Advanced Networking for Reliable Energy Delivery Systems
- Duke Energy
This activity is split into two distinct, yet related projects. Software Defined Networking (SDN) can help improve the security of networks in energy delivery systems – SDN provides a global view and mechanisms to manage flows as a whole (instead of individual packets at each router/switch). This enables the creation and management of carefully pre-engineered paths for packet flows in control networks as is being demonstrated in a related SDN project in collaboration with SEL. However, there are concerns about network consistency during security-incident induced updates (e.g., redirecting flows around areas of a network thought to be compromised, or under DDOS attack.) Further, SDNs still do not support provision of end-to-end real-time quality-of-service (QoS) that is needed to ensure on-time delivery of real-time messaging. Existing real-time QoS mechanisms in literature do not have the manageability that SDNs bring. Current state of the practice for ensuring reliable and timely delivery of critical control packets is mostly achieved through over-provisioning. In this activity, we aim to design and develop dynamic real-time QoS mechanisms for EDS control networks that are using SDN. Hence, we will develop mechanisms, algorithms and protocols for achieving QoS with real-time (i.e. end-to-end delay) guarantees and prioritization. Further, we will also investigate how to maintain isolation guarantees, especially among critical and non-critical flows during changes in the network (disruptions, failures, configuration changes etc.) These are essential for network resiliency, where non-critical connectivity services gracefully degrade in the face of security disruptions, but the network provides essential functions throughout the security incident.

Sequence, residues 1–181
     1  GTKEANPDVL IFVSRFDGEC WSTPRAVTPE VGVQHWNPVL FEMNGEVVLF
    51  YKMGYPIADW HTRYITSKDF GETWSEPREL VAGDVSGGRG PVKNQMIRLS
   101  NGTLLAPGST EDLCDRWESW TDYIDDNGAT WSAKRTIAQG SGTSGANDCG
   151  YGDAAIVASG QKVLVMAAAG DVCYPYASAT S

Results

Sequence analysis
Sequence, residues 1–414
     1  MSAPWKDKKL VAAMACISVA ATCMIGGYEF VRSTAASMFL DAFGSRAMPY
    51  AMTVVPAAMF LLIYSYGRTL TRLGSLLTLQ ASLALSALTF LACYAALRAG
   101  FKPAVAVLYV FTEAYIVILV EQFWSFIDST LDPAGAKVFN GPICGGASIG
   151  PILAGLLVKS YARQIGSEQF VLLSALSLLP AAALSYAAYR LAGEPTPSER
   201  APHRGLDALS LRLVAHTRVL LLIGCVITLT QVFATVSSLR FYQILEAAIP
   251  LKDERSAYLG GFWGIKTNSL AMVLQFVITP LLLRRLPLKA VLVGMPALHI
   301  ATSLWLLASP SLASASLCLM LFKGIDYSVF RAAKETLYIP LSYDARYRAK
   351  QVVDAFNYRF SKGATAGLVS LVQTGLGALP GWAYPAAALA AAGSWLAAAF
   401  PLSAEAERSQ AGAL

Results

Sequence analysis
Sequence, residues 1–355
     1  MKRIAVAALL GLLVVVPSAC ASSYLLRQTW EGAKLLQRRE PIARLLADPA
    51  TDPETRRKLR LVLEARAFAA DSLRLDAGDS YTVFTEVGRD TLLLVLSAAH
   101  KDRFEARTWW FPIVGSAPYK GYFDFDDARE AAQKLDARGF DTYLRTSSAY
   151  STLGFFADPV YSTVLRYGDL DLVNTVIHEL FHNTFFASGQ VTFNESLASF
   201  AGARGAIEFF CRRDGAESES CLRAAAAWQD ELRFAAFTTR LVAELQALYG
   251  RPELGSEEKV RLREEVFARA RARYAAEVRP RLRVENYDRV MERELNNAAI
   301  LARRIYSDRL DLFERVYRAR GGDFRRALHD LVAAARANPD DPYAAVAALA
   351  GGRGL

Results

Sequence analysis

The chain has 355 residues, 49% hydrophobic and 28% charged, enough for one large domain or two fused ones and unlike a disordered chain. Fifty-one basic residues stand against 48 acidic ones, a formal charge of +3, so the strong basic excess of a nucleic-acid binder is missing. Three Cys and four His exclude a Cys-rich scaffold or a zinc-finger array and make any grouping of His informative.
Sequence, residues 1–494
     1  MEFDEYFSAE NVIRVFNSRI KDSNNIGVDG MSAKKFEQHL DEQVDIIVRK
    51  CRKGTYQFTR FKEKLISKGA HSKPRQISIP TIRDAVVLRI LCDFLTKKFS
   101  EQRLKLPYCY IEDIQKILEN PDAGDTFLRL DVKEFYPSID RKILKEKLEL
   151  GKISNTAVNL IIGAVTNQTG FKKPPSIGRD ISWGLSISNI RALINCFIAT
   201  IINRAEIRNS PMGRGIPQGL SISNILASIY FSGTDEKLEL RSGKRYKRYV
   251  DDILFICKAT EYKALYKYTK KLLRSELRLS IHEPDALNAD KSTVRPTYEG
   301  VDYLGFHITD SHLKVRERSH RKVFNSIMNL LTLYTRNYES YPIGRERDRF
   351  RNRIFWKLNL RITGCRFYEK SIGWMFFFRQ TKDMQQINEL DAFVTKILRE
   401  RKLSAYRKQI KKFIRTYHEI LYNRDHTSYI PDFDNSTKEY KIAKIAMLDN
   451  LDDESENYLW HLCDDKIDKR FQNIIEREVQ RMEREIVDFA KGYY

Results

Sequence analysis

Energy delivery systems lack guarantees for critical flows – in terms of end-to-end timeliness guarantees as well as maintaining the consistency of network flows when the system needs to be updated. This can impede the critical operations. Without such guarantees, the system may be vulnerable to multiple problems, for instance, (a) denial-of service attacks by an adversary, (b) sudden increases in debug/engineering flows (say due to failures or even due to adversarial activity), etc. As mentioned earlier, software-defined networks (SDNs) have unique properties that can help address such problems (the global visibility into the network for instance). Current SDN offerings though do not have this functionality yet. For instance, there is a lack of research in time-critical flows for EDS using SDNs. This research effort intends to fix this very gap.
How does this research activity address the Roadmap to Achieve Energy Delivery Systems Cybersecurity?
This work will help develop and implement new protective measures to reduce risk – by ensuring that timeliness of critical flows in EDS cannot be impacted by other flows/adversaries.
- Dependable End-to-End Delay Constraints for EDS Control Networks using SDNs (2017 Industry Workshop)